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Mindfulness

An Eight-Week Plan for Finding Peace in a Frantic World

by J. Mark G. Williams, Danny Penman


The life-changing international bestseller reveals a set of simple yet powerful mindfulness practices that you can incorporate into daily life to help break the cycle of anxiety, stress, unhappiness, and exhaustion.

Mindfulness promotes the kind of happiness and peace that gets into your bones. It seeps into everything you do and helps you meet the worst that life throws at you with new courage.

Based on Mindfulness-Based Cognitive Therapy (MBCT), the book revolves around a straightforward form of mindfulness meditation which takes just a few minutes a day for the full benefits to be revealed. MBCT has been clinically proven to be at least as effective as drugs for depression and is widely recommended by US physicians and the UK's National Institute for Health and Clinical Excellence—in other words, it works. More importantly it also works for people who are not depressed but who are struggling to keep up with the constant demands of the modern world.

MBCT was developed by the book's author, Oxford professor Mark Williams, and his colleagues at the Universities of Cambridge and Toronto. By investing just 10 to 20 minutes each day, you can learn the simple mindfulness meditations at the heart of MBCT and fully reap their benefits. The book includes links to audio meditations to help guide you through the process. You'll be surprised by how quickly these techniques will have you enjoying life again.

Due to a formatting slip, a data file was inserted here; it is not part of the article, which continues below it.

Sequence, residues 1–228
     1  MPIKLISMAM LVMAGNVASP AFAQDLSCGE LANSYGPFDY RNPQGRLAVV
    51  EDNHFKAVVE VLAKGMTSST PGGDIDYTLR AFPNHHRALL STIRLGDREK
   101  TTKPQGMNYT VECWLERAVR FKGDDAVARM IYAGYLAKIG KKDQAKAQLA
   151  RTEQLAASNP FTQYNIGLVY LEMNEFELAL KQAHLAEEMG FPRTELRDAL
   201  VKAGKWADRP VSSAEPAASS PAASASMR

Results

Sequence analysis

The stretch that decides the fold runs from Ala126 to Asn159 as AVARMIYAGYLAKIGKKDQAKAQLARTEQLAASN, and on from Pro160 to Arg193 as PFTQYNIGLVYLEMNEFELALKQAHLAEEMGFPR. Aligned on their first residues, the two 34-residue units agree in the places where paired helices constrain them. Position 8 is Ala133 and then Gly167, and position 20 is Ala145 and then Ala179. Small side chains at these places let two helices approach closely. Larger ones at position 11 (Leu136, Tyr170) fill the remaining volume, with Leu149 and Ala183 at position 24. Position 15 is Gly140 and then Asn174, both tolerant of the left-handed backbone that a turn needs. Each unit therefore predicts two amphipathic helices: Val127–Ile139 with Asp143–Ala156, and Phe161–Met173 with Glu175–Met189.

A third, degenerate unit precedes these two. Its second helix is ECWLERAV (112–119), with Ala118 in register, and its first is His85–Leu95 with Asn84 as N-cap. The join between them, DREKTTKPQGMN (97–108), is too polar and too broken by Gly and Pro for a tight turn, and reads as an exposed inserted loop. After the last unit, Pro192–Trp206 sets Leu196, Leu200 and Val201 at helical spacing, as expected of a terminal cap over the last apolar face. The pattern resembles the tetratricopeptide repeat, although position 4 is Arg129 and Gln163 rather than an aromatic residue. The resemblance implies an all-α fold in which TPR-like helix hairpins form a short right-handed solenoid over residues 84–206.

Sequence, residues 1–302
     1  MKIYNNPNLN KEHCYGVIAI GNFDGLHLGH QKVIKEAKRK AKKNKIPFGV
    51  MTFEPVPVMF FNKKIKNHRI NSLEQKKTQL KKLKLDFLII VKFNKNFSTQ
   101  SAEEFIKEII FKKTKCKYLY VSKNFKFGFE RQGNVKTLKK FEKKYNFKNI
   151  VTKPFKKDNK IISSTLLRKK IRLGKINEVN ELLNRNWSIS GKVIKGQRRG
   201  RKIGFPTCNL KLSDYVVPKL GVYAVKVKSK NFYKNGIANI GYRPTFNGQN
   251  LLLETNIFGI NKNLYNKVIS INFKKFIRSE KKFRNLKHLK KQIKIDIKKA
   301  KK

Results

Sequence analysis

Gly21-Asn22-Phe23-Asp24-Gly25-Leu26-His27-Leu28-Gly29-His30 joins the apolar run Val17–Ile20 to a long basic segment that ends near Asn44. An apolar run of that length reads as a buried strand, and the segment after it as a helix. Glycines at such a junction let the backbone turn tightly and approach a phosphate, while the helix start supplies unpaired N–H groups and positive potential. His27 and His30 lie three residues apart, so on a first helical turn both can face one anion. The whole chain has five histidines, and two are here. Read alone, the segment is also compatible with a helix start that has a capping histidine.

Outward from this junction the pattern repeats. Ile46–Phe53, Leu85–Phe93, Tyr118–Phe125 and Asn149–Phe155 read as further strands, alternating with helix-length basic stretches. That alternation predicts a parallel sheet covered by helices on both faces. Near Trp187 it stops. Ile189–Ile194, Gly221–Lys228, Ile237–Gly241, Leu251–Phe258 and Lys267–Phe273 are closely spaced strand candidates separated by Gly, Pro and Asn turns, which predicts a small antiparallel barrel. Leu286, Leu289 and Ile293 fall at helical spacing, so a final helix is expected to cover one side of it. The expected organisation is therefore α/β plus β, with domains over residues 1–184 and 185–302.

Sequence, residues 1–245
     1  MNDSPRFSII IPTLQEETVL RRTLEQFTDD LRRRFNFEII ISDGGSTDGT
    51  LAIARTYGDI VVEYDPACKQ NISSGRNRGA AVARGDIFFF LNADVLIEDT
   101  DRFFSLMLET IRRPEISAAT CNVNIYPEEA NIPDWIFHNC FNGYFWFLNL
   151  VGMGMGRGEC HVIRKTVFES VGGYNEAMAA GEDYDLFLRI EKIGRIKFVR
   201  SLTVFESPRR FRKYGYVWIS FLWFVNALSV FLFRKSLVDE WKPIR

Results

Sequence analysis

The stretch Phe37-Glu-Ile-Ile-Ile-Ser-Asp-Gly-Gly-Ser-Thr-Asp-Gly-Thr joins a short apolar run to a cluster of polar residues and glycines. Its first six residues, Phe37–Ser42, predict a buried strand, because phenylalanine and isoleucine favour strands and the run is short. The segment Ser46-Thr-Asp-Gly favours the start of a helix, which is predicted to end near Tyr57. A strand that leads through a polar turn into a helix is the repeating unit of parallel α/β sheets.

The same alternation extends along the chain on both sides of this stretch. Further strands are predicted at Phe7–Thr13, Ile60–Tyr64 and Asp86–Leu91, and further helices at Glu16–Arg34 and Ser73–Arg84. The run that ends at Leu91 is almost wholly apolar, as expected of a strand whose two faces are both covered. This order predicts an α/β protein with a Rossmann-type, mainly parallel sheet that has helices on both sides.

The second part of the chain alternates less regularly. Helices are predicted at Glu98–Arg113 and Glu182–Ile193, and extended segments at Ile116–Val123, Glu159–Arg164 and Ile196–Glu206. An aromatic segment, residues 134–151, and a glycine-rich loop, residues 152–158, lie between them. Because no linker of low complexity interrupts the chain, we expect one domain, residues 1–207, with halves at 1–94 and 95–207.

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Recommendations: 1

Categories: Health & WellnessPsychology & Mental Health

Reading time: 56 hours

Recommendations


It’s kind of like this magic bullet technique that kind of science has just recently cottoned on to where, in effect, you train yourself to be more in control of your thoughts and emotions by realizing that the current thoughts and emotions are not you. They don’t define you. They’re propaganda, and it’s up to you to choose how you react to them. And our instinctive way, which is to fight with them, is actually counterproductive. Instead, you want offset them with warm and welcome kind of curiosity, almost. And then that means you have the ability to deal with them as you like. And that’s got the most evidence base in terms of–it basically seems to improve everything, but in particular, mood and self-control.